- The student will prepare a poster - The student will prepare a presentation - The student will prepare a scientific report - The student will prepare an abstract - The student’s name will be mentioned in a future publication - The student will have the opportunity to present the results together with the supervisor at a conference
What skills are required of the student? Is there any special knowledge or a certain level of studies needed?
A Medical student with both interest in the research and clinical aspects of medicine, with an initial interest in Pathology. Capacity of interaction and communication skills. Active and positive attitude. Subjects passed: Anatomical Pathology Legal limitations: all access to clinical/medical/lab information is confidential
Are there any legal limitations in the student’s involvement
Type of students accepted
This project accepts: - Medical students
- 1. Postel-Vinay; S.; et al.; Common variants near TARDBP and EGR2 are associated with susceptibility to Ewing sarcoma. Nat Genet; 2012. 44(3): p. 323-7.
- 2. Amaral; A.T.; et al.; Innovative therapies in Ewing Sarcoma. Adv Anat Pathol; 2014. 21(1): p. 44-62.
- 3. Poissonnier; L.; et al.; miR126-5p repression of ALCAM and SetD5 in endothelial cells regulates leucocyte adhesion and transmigration. Cardiovasc Res; 2014. 102(3): p. 436-47.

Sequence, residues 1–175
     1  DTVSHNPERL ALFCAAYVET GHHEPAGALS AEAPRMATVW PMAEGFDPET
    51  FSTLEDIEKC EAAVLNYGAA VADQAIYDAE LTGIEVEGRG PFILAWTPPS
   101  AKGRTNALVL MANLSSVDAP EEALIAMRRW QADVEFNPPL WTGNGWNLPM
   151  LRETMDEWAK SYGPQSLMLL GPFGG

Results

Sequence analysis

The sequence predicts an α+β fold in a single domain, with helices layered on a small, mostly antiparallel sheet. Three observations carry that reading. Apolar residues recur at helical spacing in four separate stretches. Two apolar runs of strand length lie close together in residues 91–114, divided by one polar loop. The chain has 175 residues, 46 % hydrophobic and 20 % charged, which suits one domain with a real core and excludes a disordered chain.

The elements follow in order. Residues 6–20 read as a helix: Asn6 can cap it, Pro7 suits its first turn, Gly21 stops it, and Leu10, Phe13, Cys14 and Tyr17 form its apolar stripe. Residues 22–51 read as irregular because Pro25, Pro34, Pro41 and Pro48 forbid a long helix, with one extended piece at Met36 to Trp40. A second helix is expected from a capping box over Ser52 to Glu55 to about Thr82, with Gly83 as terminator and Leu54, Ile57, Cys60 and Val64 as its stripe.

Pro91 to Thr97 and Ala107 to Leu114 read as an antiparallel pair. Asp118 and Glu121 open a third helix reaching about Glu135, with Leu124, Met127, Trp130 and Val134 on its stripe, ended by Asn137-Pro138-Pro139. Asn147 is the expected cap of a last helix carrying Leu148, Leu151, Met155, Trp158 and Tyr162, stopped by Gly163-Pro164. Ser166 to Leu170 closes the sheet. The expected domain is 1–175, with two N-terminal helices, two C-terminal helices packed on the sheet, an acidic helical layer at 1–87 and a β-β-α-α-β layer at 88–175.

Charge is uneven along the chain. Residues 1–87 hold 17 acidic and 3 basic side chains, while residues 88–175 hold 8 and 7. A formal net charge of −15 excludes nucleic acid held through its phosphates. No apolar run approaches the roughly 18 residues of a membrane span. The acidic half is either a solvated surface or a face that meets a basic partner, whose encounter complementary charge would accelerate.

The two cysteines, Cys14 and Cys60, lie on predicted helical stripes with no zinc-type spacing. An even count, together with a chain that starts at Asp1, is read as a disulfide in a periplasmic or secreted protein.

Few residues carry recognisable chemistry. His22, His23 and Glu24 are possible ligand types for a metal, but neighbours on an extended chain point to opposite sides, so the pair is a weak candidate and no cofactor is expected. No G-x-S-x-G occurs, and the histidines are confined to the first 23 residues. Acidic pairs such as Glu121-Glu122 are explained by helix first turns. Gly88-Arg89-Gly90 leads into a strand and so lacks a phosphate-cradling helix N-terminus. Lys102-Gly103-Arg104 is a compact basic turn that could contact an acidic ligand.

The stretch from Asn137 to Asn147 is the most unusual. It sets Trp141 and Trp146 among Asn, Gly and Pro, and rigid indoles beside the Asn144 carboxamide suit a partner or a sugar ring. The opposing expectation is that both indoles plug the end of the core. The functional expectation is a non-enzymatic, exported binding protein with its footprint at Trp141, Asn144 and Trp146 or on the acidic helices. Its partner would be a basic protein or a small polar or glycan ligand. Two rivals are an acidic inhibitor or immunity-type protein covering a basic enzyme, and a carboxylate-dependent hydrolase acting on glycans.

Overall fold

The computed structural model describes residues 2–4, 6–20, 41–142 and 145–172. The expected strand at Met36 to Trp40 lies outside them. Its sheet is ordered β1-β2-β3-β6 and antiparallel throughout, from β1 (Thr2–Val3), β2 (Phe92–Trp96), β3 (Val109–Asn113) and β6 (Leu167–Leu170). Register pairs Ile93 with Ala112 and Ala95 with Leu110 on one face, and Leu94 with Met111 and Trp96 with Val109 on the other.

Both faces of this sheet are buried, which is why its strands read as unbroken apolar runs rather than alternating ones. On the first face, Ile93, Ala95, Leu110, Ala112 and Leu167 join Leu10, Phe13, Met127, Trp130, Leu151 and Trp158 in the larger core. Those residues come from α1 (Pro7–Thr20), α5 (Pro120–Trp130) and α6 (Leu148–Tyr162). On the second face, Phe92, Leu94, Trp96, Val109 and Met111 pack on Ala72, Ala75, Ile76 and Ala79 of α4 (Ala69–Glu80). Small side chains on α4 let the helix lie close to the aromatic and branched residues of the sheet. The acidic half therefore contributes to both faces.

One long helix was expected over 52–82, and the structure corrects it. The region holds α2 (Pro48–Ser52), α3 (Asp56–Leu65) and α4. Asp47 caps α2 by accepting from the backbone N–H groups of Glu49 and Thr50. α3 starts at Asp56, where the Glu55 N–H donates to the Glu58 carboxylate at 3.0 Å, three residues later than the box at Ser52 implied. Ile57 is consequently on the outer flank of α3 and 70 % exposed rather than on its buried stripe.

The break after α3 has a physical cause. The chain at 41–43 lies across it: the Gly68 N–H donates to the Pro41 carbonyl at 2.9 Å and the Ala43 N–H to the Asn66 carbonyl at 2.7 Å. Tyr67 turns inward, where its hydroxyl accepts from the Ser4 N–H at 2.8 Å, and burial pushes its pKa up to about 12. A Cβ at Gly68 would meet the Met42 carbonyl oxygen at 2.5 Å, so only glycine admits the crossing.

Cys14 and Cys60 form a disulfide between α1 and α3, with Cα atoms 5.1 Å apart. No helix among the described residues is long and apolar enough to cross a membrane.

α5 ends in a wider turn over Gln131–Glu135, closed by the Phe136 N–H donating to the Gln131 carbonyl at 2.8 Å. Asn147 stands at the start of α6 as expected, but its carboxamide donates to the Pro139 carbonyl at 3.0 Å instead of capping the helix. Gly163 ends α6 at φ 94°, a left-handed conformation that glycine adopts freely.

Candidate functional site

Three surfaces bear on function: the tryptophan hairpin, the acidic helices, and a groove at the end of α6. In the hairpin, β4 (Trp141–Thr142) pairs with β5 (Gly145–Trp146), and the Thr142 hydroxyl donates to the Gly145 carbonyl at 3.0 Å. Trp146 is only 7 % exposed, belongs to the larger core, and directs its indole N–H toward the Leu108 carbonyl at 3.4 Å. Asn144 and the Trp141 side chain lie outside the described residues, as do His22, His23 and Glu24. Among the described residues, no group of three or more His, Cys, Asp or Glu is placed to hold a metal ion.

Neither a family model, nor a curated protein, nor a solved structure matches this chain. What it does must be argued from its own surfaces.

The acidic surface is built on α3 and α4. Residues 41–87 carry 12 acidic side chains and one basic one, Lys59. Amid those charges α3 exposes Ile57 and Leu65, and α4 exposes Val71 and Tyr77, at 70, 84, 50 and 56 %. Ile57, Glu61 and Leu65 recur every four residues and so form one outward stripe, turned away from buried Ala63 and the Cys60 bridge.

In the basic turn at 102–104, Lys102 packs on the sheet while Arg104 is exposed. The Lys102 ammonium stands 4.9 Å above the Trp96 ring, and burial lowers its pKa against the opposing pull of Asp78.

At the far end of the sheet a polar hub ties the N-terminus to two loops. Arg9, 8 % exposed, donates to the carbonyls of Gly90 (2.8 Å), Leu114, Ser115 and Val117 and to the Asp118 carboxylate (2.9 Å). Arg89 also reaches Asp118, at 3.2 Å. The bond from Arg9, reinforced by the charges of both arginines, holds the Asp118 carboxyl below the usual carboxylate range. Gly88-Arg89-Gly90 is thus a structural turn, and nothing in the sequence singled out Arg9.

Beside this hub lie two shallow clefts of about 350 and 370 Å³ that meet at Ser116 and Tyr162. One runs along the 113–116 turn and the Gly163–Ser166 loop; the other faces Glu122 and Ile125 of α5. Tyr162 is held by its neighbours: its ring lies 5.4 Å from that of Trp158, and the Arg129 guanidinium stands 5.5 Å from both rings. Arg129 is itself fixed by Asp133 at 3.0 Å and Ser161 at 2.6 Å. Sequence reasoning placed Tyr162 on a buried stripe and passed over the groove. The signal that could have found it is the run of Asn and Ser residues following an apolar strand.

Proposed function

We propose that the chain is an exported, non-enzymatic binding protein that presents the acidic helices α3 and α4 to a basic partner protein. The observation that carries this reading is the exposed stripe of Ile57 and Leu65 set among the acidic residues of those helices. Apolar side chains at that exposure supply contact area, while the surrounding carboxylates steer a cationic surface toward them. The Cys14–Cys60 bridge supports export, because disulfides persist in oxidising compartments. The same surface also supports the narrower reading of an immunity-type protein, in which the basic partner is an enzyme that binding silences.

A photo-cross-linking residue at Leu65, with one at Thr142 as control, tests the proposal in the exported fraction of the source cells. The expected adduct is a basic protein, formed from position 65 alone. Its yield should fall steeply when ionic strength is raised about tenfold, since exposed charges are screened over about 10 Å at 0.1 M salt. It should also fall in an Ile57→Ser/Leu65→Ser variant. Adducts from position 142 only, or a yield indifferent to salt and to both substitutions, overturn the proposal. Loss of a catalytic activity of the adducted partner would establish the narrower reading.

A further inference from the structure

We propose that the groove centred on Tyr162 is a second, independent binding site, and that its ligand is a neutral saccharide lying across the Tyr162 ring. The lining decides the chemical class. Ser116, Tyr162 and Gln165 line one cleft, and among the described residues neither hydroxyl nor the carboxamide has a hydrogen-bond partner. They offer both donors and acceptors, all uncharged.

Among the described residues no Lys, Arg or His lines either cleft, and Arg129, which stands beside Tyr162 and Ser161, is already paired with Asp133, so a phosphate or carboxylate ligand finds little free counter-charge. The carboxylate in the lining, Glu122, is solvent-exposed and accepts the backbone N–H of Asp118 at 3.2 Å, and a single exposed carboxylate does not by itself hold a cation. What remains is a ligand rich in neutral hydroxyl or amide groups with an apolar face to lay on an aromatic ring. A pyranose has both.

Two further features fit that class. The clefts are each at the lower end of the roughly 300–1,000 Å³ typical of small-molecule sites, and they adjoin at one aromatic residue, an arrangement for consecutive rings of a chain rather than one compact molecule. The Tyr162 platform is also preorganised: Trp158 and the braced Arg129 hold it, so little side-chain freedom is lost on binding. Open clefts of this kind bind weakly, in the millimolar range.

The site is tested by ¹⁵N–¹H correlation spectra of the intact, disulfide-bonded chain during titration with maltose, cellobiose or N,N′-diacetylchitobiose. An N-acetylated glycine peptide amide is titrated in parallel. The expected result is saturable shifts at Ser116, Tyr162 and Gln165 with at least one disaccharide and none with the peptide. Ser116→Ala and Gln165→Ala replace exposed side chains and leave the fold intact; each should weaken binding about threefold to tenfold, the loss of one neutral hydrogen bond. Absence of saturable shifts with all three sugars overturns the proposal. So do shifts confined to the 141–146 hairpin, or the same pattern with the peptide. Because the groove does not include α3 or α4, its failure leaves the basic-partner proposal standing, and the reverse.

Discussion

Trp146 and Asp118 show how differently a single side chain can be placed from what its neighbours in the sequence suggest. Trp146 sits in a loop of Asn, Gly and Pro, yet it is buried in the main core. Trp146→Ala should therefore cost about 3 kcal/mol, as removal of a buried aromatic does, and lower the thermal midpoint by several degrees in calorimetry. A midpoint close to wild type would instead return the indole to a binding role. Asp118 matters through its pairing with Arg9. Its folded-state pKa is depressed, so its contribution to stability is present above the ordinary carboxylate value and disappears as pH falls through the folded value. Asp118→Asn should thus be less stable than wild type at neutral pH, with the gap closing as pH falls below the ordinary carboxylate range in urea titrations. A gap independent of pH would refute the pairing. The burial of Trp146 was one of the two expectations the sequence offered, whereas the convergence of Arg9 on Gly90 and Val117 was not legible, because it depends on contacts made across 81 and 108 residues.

- 4. Amaral; A.T.; et al.; Characterization of human mesenchymal stem cells from ewing sarcoma patients. Pathogenetic implications. PLoS One; 2014. 9(2): p. e85814.
- 5. Hansen; A.G.; et al.; ALCAM/CD166 is a TGF-beta-responsive marker and functional regulator of prostate cancer metastasis to bone. Cancer Res; 2014. 74(5): p. 1404-15.
- 6. Kahlert; C.; et al.; Increased expression of ALCAM/CD166 in pancreatic cancer is an independent prognostic marker for poor survival and early tumour relapse. Br J Cancer; 2009. 101(3): p. 457-64.
- 7. Rosso; O.; et al.; The ALCAM shedding by the metalloprotease ADAM17/TACE is involved in motility of ovarian carcinoma cells. Mol Cancer Res; 2007. 5(12): p. 1246-53.
- 8. Sadikovic; B.; et al.; Immunohistochemical expression and cluster analysis of mesenchymal and neural stem cell-associated proteins in pediatric soft tissue sarcomas. Pediatr Dev Pathol; 2011. 14(4): p. 259-72.
- 9. van Kempen; L.C.; et al.; Molecular basis for the homophilic activated leukocyte cell adhesion molecule (ALCAM)-ALCAM interaction. J Biol Chem; 2001. 276(28): p. 25783-90.
- Swart; G.W.; et al.; Activated leukocyte cell adhesion molecule (ALCAM/CD166): signaling at the divide of melanoma cell clustering and cell migration? Cancer Metastasis Rev; 2005. 24(2): p. 223-36.